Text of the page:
Tradition would have it that a town must have a diocesan cathedral in order to qualify as a city-elect, and indeed until 1889, this was a fundamental requirement. The investiture of the cathedral-less Birmingham in 1889 still causes carnage in many a modern pub quiz. Following that monument act of apple cart upsetting, the obligation upon wannabe city candidates became more specific until it was finally fossilised in 1907 in a secret agreement between Edward VII and the Home Office. That unratified edict stipulated a town to have a population of 300,000; a record of good local government, and a local ‘metropolitan character’, whatever that might mean. Back to that elusive ‘X’ factor, which I presumed to be largely contrived in the eye of the business beholder. And still, the ruling monarch is not required to pay any heed to this, and so usually doesn’t. Thank God for England’s ruling classes, otherwise, things would be clear, efficient and comprehensible, and we’d possibly all expire from boredom.
In other matters useful for pub quizzes: every county, including Bristol, is headed up by a Lord-Lieutenant. This is an individual chosen by the incumbent monarch, who acts, just like a current monarch, as a powerless, but yet obscurely powerful, unelected leader of the county. Their roles include organising royal visits to the region and nominating individuals for royal honours. That way there’s always friends in high places to be consulting on when baffling decisions are to be made.
Bristol’s Lord-lieutenant is the American, Peaches Golding. She is to be lauded for being the first black woman to hold the position. “Naturally,” women couldn’t do so prior to 1975, when an Act of Parliament saw changes to women’s ability to mobilise themselves socially, economically and politically.
Born in Spartanburg, South Carolina, Bristol’s Lord-lieutenant comes from a long-line of game-changers: her father was arrested for refusing to move to the back of the bus as the then southern-states’ Jim Crow laws obliged him to do. Seven years before Rosa Parks was arrested for the very same act. He had already discovered federal law over-rode the racist mandate when travelling across state lines. He sued and was awarded $2,000 compensation, with which he sensibly bought a car and thus avoided all buses in future, an event that possibly, but probably not, coined the term ‘social mobility’. Future generations might one day call this act environmental terrorism. Still, by taking on a corrupt and prejudicial system, he had the courts agree that his arrest for sitting where he damned well pleased was unconstitutional. I wonder if Charles III would rent out his throne from time to time?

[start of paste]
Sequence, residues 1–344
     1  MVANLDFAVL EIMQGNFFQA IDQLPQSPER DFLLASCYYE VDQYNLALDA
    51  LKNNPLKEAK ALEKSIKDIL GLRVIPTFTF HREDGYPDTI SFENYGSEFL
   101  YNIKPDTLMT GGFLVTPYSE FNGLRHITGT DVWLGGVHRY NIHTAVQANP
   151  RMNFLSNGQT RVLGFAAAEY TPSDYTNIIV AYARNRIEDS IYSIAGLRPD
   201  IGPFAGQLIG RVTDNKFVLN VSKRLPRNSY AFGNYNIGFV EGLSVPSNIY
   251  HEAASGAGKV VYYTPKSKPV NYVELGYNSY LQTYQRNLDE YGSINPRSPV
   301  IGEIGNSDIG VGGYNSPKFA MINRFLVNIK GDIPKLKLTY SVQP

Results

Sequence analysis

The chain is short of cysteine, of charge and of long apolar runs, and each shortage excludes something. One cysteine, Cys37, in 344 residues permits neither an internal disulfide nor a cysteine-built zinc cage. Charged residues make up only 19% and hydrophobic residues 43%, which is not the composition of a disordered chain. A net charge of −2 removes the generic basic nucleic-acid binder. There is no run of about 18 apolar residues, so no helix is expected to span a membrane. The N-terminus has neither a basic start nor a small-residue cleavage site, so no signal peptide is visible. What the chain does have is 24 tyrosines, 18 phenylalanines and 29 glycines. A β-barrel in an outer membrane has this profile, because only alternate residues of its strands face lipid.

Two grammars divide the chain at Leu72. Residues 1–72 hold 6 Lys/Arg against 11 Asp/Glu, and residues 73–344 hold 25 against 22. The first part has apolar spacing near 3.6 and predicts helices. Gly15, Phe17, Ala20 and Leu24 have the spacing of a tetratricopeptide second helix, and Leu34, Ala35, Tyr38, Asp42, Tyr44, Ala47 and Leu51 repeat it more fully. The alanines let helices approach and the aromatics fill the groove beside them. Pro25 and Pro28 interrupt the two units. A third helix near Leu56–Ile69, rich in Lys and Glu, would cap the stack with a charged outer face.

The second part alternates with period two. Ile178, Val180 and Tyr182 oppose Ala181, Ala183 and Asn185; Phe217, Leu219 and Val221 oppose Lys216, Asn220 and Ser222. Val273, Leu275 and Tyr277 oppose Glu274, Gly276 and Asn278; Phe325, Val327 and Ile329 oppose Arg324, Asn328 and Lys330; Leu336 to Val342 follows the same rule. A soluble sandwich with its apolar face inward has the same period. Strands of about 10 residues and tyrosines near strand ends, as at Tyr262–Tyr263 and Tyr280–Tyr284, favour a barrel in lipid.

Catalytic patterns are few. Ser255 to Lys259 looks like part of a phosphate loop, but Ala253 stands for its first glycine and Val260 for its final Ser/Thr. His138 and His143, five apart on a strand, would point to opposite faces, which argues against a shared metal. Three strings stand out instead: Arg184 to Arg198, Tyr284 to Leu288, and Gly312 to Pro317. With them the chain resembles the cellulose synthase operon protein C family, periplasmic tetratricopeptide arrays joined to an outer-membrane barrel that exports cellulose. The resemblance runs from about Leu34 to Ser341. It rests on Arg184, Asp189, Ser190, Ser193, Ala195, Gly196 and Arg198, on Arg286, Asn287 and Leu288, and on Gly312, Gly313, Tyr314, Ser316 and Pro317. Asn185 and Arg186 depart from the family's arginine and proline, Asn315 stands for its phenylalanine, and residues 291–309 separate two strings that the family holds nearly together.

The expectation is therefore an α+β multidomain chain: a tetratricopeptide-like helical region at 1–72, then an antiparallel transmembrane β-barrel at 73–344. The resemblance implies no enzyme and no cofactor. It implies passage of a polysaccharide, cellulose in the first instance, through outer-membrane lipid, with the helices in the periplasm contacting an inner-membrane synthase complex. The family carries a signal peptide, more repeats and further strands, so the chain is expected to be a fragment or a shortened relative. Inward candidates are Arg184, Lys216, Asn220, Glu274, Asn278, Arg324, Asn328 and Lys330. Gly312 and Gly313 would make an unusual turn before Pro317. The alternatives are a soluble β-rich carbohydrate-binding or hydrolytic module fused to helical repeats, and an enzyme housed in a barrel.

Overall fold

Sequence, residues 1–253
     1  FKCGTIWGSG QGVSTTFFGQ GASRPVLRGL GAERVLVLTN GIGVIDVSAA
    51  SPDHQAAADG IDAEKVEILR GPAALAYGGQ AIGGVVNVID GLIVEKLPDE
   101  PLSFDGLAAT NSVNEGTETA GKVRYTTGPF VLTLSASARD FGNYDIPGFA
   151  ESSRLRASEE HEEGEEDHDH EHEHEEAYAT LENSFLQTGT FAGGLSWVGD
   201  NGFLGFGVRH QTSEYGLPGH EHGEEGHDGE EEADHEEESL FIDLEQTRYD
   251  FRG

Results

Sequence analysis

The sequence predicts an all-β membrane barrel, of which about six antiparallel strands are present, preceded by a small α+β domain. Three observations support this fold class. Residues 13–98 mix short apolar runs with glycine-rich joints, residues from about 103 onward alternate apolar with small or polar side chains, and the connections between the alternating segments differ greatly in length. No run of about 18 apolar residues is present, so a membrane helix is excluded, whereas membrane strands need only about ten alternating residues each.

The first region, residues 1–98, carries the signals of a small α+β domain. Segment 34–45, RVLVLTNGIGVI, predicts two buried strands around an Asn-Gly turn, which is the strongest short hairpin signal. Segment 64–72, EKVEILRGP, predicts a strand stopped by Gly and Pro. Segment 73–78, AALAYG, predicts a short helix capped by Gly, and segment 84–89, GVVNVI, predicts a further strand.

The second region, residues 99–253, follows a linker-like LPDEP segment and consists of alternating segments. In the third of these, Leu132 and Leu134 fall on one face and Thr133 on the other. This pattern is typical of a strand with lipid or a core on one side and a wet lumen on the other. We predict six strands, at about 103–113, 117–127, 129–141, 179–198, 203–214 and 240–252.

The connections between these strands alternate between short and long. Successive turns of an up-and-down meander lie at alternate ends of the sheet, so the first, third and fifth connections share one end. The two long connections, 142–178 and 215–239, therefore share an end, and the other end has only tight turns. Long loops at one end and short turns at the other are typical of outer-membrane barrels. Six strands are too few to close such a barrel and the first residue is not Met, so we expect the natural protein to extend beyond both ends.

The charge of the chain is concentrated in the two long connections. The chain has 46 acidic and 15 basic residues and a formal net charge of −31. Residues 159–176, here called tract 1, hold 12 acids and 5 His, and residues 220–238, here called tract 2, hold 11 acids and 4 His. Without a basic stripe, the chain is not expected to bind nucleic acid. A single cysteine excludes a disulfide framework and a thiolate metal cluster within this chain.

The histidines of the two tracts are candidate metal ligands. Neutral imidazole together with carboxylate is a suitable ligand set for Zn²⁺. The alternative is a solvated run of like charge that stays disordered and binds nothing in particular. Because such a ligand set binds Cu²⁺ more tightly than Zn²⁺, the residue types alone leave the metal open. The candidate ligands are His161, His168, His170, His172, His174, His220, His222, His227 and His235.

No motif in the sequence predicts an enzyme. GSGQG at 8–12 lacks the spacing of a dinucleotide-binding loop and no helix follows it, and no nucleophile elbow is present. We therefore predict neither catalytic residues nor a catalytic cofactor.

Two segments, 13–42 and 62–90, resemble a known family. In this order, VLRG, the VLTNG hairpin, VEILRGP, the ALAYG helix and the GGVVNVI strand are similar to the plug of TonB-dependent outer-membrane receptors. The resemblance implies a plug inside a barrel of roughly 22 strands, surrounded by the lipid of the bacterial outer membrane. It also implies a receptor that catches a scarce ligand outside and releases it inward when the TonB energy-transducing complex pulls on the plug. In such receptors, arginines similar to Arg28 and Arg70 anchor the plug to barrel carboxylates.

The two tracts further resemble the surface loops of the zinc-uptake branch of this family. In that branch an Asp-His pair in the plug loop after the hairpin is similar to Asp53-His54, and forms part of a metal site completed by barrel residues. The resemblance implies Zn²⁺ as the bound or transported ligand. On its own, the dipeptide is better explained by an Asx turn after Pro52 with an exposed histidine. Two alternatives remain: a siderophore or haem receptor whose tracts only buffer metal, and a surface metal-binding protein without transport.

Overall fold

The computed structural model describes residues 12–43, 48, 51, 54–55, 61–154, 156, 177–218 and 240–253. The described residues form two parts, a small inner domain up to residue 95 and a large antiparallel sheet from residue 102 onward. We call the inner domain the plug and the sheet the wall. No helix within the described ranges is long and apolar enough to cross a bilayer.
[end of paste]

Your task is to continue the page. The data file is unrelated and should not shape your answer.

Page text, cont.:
Bristol's other contributions to a more egalitarian society is notable: their university was the first to accept women on an equal footing to men back in 1876. Having also opened in 1876, it really was quite exceptional. Elsewhere, the Bristolian company, Fry’s, arguably made the greatest contribution ever to women’s wellbeing by designing the first mouldings that enabled commercialisation of the chocolate bar. Prior to this, chocolate offerings largely scored at the high or low end of the Bristol Stool Chart, but Fry’s mastered the “winning formula” of producing it at grade three/four. I wish to posit that their contributions have been successfully alleviating menstrual tension since in 1847 just as effectively. I note they are also very helpful for soothing menopausal mania, although further research is still being vigorously undertaken.
Bristol was the birthplace of America’s first recognised woman MD: Dr. Elizabeth Blackwell, who emigrated aged 11 to New York in 1847. Later, on a return visit to these fair isles, she met with Elizabeth Garrett Anderson, and inspired her to become Britain’s first fully-trained doctor. Together they were a compelling force whose impact on women’s education, not exclusive to medical progression, cannot be done justice here. Her fighting educational policies which are still riddled with system inertia is an inspiration to all who follow her.
As for other matters that demolish the games of the day. Bristol is actually Britain’s smallest county. Not Rutland nor the Isle White (when the tide is in) because according to my calculations, Bristol is a county of forty square miles. Rutland is a gargantuan three-hundred and eighty-one square miles, and the Isle of White, which I didn’t realise was a county until today, is three-hundred and eighty-ish square miles depending on the hour.
There’s a lot for Bristol to be proud of. Not sure Horfield is the jewel in its crown though.
Next stop: a quick detour and ferry to The Isle of White.